The Bolivian government is “open to analysing any proposal” for a reciprocal healthcare agreement with Argentina, the Andean nation’s ambassador in Buenos Aires said Tuesday.
“It’s not true that (Bolivia president) Evo Morales has rejected the reciprocity agreement. The government is open to analysing any proposals”, Ambassador Santos Véliz told Radio con vos.
Véliz said no formal agreement from Argentina had so far reached La Paz.
In Argentina, debate is already underway about a bill that would regulate the provision and cost of public health and education services for foreigners.
Lawmaker Luis Petri confirmed via Twitter that the government’s coalition has already presented a bill to Congress.
“I’ve just presented a reciprocity bill regarding education and health for foreigners. If this is unsuccessful, (there will be a bill for) the establishment of compensation or fees to cover the costs of services”, he said.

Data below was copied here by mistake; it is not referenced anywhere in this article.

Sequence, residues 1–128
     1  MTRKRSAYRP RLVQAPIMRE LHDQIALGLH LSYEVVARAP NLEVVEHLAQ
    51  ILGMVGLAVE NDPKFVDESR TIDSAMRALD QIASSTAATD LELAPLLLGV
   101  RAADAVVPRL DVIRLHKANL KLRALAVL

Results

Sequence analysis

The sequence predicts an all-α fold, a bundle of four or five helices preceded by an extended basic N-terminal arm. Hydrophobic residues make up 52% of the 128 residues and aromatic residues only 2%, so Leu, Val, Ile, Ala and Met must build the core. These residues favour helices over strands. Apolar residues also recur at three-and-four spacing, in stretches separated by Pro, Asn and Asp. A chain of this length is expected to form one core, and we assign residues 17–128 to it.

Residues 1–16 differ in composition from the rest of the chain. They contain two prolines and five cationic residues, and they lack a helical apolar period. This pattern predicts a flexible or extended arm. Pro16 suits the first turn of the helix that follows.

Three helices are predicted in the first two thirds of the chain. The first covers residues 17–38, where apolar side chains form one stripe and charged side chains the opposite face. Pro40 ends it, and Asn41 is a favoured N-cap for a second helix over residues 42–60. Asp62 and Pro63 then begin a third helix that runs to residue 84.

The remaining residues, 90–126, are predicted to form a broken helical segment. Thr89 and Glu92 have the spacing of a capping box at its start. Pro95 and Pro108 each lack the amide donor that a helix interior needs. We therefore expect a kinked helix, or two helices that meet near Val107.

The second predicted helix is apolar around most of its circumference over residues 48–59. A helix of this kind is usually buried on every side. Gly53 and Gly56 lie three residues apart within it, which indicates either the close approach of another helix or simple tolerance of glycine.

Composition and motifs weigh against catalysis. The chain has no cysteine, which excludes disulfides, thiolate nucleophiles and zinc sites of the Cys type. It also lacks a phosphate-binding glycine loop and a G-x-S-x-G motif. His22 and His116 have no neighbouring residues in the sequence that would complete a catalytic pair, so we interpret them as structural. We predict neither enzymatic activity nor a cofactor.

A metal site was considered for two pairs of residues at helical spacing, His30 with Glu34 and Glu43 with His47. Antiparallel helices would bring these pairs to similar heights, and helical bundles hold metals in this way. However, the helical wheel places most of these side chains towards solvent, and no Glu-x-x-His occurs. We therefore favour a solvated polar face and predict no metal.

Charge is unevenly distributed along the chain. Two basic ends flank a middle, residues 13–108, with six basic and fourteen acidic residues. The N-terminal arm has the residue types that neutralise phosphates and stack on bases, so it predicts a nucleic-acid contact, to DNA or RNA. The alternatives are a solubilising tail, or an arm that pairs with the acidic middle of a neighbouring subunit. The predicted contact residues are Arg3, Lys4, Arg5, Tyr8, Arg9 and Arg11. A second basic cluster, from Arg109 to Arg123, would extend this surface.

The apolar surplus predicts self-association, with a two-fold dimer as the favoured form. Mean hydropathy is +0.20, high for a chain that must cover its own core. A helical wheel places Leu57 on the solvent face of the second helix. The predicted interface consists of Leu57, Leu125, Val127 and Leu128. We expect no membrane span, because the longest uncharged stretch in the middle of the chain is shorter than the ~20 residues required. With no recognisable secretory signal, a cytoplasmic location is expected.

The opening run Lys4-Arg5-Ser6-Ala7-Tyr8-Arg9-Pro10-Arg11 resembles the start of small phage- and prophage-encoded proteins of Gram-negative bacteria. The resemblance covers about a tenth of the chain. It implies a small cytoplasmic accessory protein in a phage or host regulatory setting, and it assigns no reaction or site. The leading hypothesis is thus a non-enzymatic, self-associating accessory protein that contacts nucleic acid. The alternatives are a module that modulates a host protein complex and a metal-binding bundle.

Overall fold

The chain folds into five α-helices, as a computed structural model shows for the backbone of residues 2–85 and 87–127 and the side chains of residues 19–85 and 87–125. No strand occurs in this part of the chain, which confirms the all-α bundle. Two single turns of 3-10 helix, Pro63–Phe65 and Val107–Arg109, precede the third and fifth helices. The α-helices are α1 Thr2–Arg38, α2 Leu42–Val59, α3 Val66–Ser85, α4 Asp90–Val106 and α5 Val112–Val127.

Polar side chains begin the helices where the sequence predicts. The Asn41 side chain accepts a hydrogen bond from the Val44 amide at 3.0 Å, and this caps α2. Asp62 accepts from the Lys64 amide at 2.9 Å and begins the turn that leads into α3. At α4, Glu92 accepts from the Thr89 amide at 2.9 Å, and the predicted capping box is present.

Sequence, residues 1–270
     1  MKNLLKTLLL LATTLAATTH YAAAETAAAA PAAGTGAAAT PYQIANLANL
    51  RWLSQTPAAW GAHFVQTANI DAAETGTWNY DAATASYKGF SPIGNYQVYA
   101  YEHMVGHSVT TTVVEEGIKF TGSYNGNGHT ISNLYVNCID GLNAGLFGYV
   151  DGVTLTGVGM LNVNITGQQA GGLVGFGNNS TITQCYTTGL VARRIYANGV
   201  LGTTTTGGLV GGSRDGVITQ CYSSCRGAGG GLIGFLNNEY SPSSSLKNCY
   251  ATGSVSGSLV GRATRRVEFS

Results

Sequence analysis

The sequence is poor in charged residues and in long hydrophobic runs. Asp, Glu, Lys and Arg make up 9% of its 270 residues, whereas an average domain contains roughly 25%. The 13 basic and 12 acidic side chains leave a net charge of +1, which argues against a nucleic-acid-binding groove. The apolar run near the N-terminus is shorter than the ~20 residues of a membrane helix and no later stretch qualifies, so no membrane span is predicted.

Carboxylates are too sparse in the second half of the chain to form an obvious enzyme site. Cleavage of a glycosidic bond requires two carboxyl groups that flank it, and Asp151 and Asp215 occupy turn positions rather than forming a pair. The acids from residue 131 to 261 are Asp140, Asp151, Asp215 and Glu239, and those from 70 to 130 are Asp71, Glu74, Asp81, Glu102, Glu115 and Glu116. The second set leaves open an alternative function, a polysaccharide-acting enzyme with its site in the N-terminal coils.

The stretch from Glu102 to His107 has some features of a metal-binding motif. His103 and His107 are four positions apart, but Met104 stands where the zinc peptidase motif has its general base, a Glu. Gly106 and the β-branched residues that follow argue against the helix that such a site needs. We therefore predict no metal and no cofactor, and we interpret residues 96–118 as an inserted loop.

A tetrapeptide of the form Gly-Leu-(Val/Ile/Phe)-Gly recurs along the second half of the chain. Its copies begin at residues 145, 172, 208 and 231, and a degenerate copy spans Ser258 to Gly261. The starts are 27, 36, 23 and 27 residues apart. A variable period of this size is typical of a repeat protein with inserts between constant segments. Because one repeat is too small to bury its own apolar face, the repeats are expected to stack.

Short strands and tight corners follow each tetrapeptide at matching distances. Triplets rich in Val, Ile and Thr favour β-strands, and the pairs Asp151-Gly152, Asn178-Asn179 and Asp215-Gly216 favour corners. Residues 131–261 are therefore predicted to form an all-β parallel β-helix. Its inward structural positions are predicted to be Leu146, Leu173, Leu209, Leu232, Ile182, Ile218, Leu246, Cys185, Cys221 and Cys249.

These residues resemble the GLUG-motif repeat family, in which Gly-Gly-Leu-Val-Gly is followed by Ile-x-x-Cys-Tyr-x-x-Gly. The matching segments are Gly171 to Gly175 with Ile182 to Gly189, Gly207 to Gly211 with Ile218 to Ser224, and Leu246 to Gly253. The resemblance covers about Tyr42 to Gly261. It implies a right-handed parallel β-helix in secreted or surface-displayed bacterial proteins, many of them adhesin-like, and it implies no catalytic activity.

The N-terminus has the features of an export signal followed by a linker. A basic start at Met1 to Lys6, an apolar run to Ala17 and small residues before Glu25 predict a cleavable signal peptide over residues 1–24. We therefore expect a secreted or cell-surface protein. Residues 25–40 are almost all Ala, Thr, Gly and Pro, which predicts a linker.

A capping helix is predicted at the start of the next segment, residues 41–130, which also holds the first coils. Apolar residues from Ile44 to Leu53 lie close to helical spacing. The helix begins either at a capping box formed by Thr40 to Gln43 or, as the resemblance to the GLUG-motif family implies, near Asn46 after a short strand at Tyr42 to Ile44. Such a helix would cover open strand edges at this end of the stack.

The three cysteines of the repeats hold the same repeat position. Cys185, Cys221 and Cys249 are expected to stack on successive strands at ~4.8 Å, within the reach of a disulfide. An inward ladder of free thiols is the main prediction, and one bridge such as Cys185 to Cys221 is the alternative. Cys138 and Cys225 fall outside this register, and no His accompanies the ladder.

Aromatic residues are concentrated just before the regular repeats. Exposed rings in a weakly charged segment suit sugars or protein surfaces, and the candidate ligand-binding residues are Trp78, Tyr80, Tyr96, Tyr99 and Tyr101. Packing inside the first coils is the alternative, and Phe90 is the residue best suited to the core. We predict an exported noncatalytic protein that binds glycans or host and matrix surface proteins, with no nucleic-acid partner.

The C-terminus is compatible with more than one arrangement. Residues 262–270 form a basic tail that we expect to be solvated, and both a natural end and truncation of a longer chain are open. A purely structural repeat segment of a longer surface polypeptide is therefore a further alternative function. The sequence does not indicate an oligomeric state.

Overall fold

Argentina’s Constitution establishes universal health and education for all people regardless of their nationality. Any plans to override the Constitution is likely to be met with fierce resistance in Congress and on the streets.
“The objective is to guarantee the equal access (to services) of all foreigners who live in Argentina permanently so they can plan their lives here, and to establish a system for those non-permanent foreigners in order to cover costs”, Petri added, in a separate Tweet.
Several voices from within the national government have expressed support for the proposed changes, including Health Minister Adolfo Rubinstein.
But the plan could also enjoy cross-party support.
At a press conference in Jujuy province on Tuesday, Cabinet Chief Marco Peña said: “Argentina has long wanted reciprocity; in the City of Buenos Aires this debate has been going for some time now”.
He was flanked by the Peronist governor of Salta Juan Manuel Urtubey and the government’s UCR Radicaly Party ally, the governor of Jujuy Gerardo Morales.
Both provinces will seek to pass their own legislation as the national government looks at a federal plan, the governors confirmed.
“There are few places in the world that don’t charge”, Peña added. “There are reasons why”.